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christian villanueva smokiesIn the pantheon of Chicago Cubs prospect acquisitions over the past two years, you almost never see Christian Villanueva’s name mentioned. I don’t know if it was the 2013 emergence of Kyle Hendricks (thus making the return for Ryan Dempster just Hendricks, and not Hendricks AND Villanueva), or if it was Villanueva’s underrated 2013 campaign, but you don’t hear about Villanueva much when the future at third base is discussed, or the bevy of top positional talent in the Cubs’ system is mentioned.

No, Villanueva isn’t going to adorn any top 100 lists, and he won’t crack many – if any – top ten Cubs prospect lists, but that’s no knock on his status as a dude you should seriously be following.

Villanueva, who is thought to be above-average defensively at third base and turned 22 mid-2013, hit just .261/.317/.469 last year in the AA Southern League, so it’s understandable that he didn’t jump up on any prospect radars. But consider: among players with at least 345 at bats in the Southern League last year, Villanueva’s .787 OPS was actually 12th best in the league. An offensive haven it was not. Further, his line belies what the advanced stats say: his wOBA was .350 (excellent) and his ISO was .208 (excellent). His BABIP (.303) was slightly lower than you would have expected from him coming into the season (previously, it was closer to .320). His walk rate dipped a bit – to 6.3% – but it wasn’t unnervingly low. All in all, particularly considering the glove and age, it was a very solid year for Villanueva.

I’m writing today about Villanueva because the Mexican Winter League, where Villanueva was playing his offseason ball, just ended yesterday. Once again, Villanueva’s line looks meh: .227/.312/.381. But, once again, it wasn’t a particularly offense-heavy league, and a walk rate better than 10% plus an ISO of .154 give you something to dream on.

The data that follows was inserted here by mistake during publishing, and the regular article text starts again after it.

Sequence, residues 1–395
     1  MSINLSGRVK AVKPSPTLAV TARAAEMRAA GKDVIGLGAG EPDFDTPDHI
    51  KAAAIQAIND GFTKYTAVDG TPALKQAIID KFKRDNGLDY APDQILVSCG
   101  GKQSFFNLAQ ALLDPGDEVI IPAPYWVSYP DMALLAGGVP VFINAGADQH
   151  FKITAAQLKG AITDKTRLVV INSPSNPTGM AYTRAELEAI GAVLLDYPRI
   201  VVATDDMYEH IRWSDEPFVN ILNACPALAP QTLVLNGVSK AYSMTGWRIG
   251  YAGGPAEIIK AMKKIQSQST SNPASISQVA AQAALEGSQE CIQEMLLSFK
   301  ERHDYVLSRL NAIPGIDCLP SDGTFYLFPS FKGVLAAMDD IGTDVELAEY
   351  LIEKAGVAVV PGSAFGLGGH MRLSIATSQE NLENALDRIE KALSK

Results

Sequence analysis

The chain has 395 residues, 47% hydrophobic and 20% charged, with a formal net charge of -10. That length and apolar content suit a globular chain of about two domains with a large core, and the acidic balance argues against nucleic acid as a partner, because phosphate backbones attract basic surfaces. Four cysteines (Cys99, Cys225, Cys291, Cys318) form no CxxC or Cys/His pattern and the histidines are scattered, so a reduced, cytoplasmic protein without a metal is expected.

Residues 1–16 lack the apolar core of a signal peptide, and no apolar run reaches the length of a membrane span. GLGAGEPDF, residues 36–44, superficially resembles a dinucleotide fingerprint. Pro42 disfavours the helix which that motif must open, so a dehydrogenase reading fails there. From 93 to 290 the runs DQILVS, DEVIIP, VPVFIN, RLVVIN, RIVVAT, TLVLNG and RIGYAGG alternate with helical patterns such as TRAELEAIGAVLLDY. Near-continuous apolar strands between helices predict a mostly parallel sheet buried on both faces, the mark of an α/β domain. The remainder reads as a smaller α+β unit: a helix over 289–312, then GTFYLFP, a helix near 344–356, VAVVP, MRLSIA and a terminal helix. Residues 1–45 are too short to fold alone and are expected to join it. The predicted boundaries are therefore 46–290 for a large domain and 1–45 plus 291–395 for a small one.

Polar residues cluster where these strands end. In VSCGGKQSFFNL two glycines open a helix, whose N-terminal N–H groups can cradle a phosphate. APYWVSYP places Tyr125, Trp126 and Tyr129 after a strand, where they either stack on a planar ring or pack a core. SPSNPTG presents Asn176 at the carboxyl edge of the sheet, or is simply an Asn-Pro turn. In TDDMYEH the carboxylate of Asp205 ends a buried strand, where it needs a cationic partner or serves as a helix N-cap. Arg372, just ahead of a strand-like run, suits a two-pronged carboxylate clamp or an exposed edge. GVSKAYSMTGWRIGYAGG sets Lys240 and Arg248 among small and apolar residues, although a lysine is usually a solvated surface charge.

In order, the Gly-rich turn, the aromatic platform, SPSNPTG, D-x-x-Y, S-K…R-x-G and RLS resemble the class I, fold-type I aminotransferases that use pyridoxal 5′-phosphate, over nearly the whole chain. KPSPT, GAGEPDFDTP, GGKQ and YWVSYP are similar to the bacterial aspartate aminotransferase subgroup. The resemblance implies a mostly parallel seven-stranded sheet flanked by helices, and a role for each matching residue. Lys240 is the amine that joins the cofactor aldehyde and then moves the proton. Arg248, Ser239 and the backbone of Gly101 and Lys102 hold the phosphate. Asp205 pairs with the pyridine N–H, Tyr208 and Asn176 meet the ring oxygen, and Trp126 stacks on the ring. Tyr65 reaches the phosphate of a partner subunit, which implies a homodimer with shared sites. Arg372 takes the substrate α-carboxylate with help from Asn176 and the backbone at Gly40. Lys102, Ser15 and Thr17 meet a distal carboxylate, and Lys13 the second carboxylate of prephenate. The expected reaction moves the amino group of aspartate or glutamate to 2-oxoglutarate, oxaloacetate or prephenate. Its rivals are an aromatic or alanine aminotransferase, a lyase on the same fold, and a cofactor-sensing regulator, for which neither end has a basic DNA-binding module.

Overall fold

Indeed, take a look at a Baseball America scouting report on Villanueva from halfway through the Mexican Winter League:

When he was with the Rangers, Villanueva was blocked not only by Adrian Beltre in Texas but by Mike Olt one level above him. A 2012 trade to the Cubs for Ryan Dempster should have helped clear a path to the majors for him, but instead the Rangers included Olt in the Matt Garza deal, although Olt’s struggles make that less of a roadblock than it was in Texas. Now he’s in the same organization as Kris Bryant and Javier Baez, both of whom could end up at third base, while Jeimer Candelario is coming up through the system too. Villanueva had a steady year with Double-A Tennessee, playing plus defense while hitting a career-high 19 home runs, and he was off to a .253/.326/.434 start through 92 plate appearances for Obregon in the Mexican Pacific League. Power has been a question mark on Villanueva, but if Villanueva can hit around 20 home runs per year and improve his patience at the plate, his ability to prevent runs in the field give him the upside to be a solid-average everyday third baseman in the big leagues.

In another organization, Villanueva is a clear top ten prospect and is headed to AAA with a chance to emerge as the heir apparent at third base in the big leagues. With the Cubs, he’s fallen into this unfortunate afterthought status.

Don’t let it happen – Villanueva is a legitimate prospect, and he could be the starter out of the gate at third base at AAA next year. The Cubs will have a tricky decision to make if Mike Olt doesn’t make the big league roster, but demonstrates he’s still capable of playing effective third base. But, who knows? Given that he’s already on the 40-man roster, we could be seeing Villanueva as the placeholder at third base in the second half of 2014 while awaiting the arrival of Bryant and/or Baez.

And, from there, maybe Villanueva shows something more? His track record and scouting reports suggest he certainly can. All I’m saying: don’t forget about this guy.

Picture via Tennessee Smokies

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